Suzy (Kara Hayward) and Sam (Jared Gilman) try to find their way in "Moonrise Kingdom," the new film from director Wes Anderson
I liked this film so much I've already seen it twice. Moonrise Kingdom is so good, in fact, I almost couldn't bring myself to write about it for fear of not doing it justice.
And yet, since I first took my 11-year-old nephew, Ethan, to see it last month, I've been talking about Moonrise Kingdom nonstop, encouraging everyone I know to go see it. It has captured my imagination completely, an absolute tour de force — wholly original and an "instant classic," as I heard one film critic utter tell a companion on his way out of the theater.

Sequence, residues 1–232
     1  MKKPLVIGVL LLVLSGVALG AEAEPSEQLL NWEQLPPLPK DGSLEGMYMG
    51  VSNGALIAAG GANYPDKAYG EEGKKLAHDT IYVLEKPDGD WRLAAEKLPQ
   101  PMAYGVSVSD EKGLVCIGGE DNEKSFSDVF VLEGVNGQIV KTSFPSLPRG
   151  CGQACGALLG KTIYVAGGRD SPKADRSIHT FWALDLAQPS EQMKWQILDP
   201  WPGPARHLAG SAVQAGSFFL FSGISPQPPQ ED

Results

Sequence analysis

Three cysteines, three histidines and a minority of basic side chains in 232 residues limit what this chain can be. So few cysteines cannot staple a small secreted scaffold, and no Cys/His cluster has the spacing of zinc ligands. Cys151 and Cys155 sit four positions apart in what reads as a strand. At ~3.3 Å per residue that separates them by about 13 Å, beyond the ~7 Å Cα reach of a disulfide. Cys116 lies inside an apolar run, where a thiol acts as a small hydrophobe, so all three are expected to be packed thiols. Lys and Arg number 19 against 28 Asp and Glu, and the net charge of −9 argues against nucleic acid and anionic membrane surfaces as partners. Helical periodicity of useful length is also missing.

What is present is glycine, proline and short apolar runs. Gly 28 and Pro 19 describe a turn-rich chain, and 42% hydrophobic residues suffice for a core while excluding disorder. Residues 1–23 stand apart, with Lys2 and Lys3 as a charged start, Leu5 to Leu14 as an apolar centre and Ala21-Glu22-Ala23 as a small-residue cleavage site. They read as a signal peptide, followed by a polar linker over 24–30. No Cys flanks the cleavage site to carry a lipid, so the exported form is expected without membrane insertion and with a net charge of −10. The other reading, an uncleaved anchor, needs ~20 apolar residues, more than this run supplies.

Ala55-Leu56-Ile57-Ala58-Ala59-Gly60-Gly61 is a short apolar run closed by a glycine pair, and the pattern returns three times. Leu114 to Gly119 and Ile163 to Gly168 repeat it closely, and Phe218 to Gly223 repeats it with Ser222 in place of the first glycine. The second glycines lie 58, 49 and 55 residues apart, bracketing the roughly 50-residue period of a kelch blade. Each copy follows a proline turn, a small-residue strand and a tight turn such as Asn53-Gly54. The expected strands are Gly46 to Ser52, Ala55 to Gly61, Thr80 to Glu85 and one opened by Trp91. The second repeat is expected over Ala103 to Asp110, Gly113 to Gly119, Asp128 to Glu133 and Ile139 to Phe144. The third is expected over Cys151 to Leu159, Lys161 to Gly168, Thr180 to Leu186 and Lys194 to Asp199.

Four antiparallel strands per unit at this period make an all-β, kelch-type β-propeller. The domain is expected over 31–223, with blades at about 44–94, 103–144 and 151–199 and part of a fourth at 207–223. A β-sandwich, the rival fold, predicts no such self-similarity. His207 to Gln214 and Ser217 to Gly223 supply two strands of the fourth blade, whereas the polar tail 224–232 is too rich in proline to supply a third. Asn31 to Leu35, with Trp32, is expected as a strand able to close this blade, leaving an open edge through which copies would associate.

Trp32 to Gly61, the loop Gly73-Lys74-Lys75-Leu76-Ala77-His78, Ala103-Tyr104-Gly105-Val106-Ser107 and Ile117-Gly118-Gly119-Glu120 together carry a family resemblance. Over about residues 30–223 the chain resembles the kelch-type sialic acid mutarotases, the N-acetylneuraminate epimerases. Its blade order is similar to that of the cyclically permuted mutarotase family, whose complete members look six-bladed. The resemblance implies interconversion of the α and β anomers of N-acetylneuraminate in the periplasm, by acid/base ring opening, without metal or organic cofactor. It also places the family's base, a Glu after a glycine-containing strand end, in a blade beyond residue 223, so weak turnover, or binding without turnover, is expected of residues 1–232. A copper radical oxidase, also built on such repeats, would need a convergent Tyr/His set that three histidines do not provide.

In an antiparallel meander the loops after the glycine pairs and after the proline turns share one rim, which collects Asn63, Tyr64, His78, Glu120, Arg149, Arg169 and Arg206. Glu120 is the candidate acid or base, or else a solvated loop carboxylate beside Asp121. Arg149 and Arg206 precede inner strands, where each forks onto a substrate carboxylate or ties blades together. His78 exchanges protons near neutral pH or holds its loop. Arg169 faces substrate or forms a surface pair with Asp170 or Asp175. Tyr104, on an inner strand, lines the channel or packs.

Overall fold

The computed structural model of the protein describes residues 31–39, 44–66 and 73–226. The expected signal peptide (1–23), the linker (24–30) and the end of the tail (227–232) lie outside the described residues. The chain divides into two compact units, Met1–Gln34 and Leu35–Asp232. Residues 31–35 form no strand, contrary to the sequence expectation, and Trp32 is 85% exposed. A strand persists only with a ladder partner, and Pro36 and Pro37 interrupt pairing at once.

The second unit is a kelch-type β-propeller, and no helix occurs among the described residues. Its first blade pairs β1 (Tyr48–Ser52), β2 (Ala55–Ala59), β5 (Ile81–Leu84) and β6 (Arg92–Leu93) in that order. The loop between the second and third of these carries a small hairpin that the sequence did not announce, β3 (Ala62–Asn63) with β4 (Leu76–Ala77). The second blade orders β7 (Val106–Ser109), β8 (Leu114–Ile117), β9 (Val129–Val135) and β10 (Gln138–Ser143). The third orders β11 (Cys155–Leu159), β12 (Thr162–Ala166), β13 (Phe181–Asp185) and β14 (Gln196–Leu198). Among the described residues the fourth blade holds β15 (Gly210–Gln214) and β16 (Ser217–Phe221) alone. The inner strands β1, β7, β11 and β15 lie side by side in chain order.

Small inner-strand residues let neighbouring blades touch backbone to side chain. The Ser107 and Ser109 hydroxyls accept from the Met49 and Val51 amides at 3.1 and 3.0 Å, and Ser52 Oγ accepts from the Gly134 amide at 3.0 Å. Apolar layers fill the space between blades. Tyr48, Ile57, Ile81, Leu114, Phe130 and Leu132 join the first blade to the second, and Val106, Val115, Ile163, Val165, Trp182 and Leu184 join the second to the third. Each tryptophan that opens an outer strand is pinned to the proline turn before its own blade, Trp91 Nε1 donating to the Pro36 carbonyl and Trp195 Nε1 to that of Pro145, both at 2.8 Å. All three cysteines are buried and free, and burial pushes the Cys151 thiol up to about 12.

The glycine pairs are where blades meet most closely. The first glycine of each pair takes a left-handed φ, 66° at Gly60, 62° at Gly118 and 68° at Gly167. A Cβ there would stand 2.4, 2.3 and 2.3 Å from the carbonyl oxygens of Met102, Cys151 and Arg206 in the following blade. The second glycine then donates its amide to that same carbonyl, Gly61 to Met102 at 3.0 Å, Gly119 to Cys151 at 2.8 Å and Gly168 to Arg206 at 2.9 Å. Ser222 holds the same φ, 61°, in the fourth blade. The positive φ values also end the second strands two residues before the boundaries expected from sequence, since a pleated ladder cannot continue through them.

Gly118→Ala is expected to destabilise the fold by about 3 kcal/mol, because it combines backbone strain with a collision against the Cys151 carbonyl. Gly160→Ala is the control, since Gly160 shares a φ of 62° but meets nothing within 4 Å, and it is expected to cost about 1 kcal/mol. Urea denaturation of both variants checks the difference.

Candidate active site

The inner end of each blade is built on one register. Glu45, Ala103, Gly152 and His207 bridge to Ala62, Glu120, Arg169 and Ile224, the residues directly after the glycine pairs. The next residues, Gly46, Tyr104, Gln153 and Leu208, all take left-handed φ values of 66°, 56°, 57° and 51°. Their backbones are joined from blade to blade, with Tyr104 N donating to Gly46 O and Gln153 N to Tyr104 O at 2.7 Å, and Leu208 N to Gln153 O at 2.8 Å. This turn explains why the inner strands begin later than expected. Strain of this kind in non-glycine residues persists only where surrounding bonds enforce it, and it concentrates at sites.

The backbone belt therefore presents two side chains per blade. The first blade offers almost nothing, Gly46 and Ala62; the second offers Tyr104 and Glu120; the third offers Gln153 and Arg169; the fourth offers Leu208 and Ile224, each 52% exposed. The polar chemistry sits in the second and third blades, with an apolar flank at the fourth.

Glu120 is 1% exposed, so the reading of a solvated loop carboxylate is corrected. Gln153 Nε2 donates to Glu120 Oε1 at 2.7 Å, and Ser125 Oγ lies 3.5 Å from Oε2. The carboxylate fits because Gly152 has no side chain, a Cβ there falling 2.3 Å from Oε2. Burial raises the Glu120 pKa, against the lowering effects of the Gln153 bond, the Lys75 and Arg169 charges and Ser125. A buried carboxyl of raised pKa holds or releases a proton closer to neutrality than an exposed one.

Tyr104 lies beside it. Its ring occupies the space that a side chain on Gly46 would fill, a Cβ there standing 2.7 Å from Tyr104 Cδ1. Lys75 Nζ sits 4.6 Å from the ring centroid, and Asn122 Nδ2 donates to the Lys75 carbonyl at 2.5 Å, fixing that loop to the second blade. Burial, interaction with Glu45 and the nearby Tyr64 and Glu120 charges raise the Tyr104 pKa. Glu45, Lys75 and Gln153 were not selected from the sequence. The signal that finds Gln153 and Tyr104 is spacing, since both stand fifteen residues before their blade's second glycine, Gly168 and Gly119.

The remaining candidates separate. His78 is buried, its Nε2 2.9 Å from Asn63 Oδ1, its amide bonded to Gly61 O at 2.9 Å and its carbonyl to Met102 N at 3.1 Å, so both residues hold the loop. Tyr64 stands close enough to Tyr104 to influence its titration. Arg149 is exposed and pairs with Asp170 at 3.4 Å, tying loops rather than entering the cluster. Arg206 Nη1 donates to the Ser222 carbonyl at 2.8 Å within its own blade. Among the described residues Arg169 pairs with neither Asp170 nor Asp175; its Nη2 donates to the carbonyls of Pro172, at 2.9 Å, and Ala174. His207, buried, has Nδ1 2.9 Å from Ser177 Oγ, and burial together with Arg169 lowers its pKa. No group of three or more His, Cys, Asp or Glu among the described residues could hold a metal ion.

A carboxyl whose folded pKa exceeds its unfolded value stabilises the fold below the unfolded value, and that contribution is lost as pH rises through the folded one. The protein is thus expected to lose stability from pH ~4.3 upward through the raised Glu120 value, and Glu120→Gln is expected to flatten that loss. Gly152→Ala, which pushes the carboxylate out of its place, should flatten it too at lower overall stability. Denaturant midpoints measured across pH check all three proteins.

Perhaps Ethan, a mythology buff who's never met a fantasy film he didn't like, put it most eloquently when he said (surprising no one more than himself), "That was the best film I've ever seen."
Moonrise Kingdom is director Wes Anderson's seventh feature-length film to date. In an iconoclastic cinematic oeuvre unrivaled among filmmakers of his generation, Anderson's latest stands above the rest of his stellar films — Bottle Rocket, Rushmore, The Royal Tennenbaums, The Life Aquatic with Steve Zissou, Fantastic Mr. Fox and Darjeeling Limited — as an eloquent, funny, enduringly poignant homage to childhood and, moreover, to innocence.
In a word, the film is perfect. I wouldn't change a thing.